Jerome Powell got his big chance to hike rates today and did not miss out on the opportunity. Where analysts were expecting a discussion around economics, Powell gave them reason why he would be hiking three more times this year and perhaps another three next year. The path to normalisation is steeper.

Citing jobs growth and an expanding economy as major factors for the tightening, Powell was confident that the economy would continue to expand despite the rate hikes. The Fed Board voted unanimously to hike rates (8-0) from 1.5% to 1.75%.

The projected median rate by the end of 2019 is now 2.9% and rates are seen at 3.4% in 2020. The Fed is projecting economic growth for 2018 at 2.7% versus an earlier projection of 2.5%.

So, what did markets make of this? Earlier in the day, equities were travelling nicely with the S&P 500 up 1%,  only for the index to collapse once the Fed’s intentions were known. With most G20 central banks now on a course of normalising interest rates, equity markets are likely to see increased volatility and a necessary attention to valuations not multipliers. Slowly but surely the markets are behaving in a more normal fashion.

Facebook continues to make the headlines and all for the wrong reasons. The Cambridge Analytica scandal is not going away anytime soon.  The data breach and use of private information is being viewed as a major issue. Energy was a big winner today, up 2.6%.  Even stocks were generally choppy. Financials initially benefited before falling away at the end. Trading was thin on the day due to today’s snowstorm.


Bond markets reacted to the hike in a sanguine manner. For the moment, bonds are attractive.  But for how long? Concerns over rising bond supply and a widening deficit is now starting to weigh on the market.

More money for the Wall and fighting Russian hacking is expected to be added to the $1.3 tr U.S. government spending bill being shape currently by Congress. The current debt ceiling has until Friday before it expires and there is expected to be a lot of debate over the Bill to extend funding to September 30.

Traders expect that the recent trade data showing huge deficits will feed into first quarter GDP and be a drag on growth. For traders elsewhere, the impact of U.S trade tariffs are an unknown and so too the reaction of various Governments. A rocky path is expected.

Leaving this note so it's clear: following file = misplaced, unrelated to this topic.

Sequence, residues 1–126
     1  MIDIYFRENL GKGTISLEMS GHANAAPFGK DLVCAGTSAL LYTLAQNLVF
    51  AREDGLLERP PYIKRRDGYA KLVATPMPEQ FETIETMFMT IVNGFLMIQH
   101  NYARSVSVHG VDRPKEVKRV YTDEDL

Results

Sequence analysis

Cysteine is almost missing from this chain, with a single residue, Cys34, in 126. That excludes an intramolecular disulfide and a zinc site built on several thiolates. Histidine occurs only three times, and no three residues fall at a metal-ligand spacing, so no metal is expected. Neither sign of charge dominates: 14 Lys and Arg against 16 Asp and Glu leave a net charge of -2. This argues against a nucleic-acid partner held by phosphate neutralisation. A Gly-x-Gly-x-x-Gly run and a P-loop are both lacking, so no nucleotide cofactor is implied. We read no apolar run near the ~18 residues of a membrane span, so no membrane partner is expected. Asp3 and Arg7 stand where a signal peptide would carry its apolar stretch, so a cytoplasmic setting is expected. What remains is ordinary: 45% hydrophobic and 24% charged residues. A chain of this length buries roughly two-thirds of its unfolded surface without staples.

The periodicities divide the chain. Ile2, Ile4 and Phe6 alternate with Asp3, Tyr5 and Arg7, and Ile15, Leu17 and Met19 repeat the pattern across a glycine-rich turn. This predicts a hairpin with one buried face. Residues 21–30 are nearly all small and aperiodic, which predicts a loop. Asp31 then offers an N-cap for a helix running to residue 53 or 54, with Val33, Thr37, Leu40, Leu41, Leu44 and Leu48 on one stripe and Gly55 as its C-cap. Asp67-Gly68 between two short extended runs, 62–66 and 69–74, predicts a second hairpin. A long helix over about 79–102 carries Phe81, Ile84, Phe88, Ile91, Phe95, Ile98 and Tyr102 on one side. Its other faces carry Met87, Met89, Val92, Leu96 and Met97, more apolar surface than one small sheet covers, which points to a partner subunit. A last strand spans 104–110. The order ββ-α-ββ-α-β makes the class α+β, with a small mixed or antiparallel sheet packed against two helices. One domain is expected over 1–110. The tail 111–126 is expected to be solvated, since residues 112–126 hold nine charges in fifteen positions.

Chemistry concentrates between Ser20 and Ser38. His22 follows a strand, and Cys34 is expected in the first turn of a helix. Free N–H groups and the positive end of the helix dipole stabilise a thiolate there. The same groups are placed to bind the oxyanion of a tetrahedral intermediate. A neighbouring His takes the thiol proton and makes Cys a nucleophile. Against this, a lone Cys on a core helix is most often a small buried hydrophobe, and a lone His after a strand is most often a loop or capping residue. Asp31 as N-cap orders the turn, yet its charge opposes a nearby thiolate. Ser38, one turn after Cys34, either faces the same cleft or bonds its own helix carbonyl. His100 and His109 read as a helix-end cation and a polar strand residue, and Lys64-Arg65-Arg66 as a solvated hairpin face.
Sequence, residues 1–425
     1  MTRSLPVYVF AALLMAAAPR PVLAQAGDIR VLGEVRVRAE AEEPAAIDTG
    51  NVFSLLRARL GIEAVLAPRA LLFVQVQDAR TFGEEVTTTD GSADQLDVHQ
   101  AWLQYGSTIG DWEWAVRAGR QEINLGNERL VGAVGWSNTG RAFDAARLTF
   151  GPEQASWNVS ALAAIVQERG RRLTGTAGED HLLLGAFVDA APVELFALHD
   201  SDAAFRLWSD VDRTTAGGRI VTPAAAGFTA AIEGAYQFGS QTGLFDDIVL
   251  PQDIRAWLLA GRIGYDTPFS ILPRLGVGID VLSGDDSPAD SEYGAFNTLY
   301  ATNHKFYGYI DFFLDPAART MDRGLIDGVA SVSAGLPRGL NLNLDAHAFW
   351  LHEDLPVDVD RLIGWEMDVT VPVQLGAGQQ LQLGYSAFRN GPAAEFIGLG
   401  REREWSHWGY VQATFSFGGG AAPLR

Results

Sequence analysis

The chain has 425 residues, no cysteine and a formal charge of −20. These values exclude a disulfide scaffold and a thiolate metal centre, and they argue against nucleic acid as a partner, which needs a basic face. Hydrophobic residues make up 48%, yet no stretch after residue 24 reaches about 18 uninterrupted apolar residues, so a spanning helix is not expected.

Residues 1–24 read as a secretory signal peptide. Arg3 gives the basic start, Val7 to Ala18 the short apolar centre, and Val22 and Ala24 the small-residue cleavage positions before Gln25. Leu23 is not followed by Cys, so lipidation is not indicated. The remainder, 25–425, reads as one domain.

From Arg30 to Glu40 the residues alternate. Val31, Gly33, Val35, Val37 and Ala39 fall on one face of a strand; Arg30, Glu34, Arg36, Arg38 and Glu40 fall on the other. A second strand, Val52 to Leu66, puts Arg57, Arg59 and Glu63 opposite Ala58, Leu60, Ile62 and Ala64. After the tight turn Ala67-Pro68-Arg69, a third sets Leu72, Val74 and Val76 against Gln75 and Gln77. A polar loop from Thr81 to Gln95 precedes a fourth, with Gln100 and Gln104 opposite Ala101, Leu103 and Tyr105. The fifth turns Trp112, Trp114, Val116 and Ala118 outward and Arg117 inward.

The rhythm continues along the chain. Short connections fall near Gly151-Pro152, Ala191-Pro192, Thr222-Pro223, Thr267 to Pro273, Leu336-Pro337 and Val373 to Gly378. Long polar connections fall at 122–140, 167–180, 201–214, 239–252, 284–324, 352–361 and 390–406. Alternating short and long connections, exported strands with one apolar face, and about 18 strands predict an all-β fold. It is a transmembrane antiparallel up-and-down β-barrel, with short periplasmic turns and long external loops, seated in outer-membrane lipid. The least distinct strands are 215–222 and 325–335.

Equities: The S&P 500 fell 0.2%. The Dow fell 0.2% and the Stoxx 600 fell 0.2%. The Vix closed at 17.86.

Currencies: The Bloomberg Dollar Spot Index fell 0.9% while the euro rose 0.8%.

Bonds: The ten-year closed around at 2.88%. The 2-year closed at 2.308% and the 30-year closed at 3.111%. The ten-year bund closed at 0.59 and the UK gilt closed at 1.526% and the OAT closed at 0.829%. The U.S. curve closed 2/10 at 57.5 bp, 2/30 at 81.1 bp and the 10/30, closed at 23.4 bp. The U.S. 5-year closed at 2.67.

Commodities: The WTI rose 3.0% after it was reported that inventories were lower than expected. Gold rose 1.9%.

Bitcoin is trading around $8,920.  There is a chance that trading bitcoin could become problematic after it was reported that bitcoin was being used by criminals to facilitate purchases in illegal activities. This is now in the sights of various regulatory authorities in the U.S and elsewhere.

Aussie Market Today.

The Aussie equity market should be slightly weaker over the day.

Bonds should see a little improvement.  However, the general trend appears for a slight rise in rates as markets ponder what normalisation of interest rates means. The rate hike in the U.S. may pressure the front end of the curve whilst the long end should see a little demand.

The currency should be stronger against a weaker U.S. dollar.  However, this may change on Friday when Trump announces his tariff policy for which no country is immune, even the much heralded no tariff on our cottage steel and aluminium exports to the U.S.  No agreements have been made just an assurance.